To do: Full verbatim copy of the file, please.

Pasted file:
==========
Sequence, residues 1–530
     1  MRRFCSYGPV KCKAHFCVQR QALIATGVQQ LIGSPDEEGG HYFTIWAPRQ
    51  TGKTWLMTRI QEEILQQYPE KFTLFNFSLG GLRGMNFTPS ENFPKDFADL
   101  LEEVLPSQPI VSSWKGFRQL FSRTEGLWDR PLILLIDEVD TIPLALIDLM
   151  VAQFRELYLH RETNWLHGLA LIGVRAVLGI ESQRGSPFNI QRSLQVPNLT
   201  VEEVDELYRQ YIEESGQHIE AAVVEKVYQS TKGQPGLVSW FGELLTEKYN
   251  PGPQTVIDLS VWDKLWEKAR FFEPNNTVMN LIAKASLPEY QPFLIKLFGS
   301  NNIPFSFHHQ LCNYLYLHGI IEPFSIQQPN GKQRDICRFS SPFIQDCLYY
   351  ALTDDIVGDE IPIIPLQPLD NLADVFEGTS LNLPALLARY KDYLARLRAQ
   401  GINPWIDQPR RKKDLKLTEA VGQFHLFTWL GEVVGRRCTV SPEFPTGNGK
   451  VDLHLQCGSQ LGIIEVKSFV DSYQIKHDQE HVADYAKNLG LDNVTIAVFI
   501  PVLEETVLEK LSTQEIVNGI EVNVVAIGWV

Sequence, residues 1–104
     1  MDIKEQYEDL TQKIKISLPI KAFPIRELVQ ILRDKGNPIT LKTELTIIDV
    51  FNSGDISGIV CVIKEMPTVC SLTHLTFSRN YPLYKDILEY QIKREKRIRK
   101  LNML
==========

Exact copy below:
Sequence, residues 1–530
     1  MRRFCSYGPV KCKAHFCVQR QALIATGVQQ LIGSPDEEGG HYFTIWAPRQ
    51  TGKTWLMTRI QEEILQQYPE KFTLFNFSLG GLRGMNFTPS ENFPKDFADL
   101  LEEVLPSQPI VSSWKGFRQL FSRTEGLWDR PLILLIDEVD TIPLALIDLM
   151  VAQFRELYLH RETNWLHGLA LIGVRAVLGI ESQRGSPFNI QRSLQVPNLT
   201  VEEVDELYRQ YIEESGQHIE AAVVEKVYQS TKGQPGLVSW FGELLTEKYN
   251  PGPQTVIDLS VWDKLWEKAR FFEPNNTVMN LIAKASLPEY QPFLIKLFGS
   301  NNIPFSFHHQ LCNYLYLHGI IEPFSIQQPN GKQRDICRFS SPFIQDCLYY
   351  ALTDDIVGDE IPIIPLQPLD NLADVFEGTS LNLPALLARY KDYLARLRAQ
   401  GINPWIDQPR RKKDLKLTEA VGQFHLFTWL GEVVGRRCTV SPEFPTGNGK
   451  VDLHLQCGSQ LGIIEVKSFV DSYQIKHDQE HVADYAKNLG LDNVTIAVFI
   501  PVLEETVLEK LSTQEIVNGI EVNVVAIGWV

Sequence, residues 1–104
     1  MDIKEQYEDL TQKIKISLPI KAFPIRELVQ ILRDKGNPIT LKTELTIIDV
    51  FNSGDISGIV CVIKEMPTVC SLTHLTFSRN YPLYKDILEY QIKREKRIRK
   101  LNML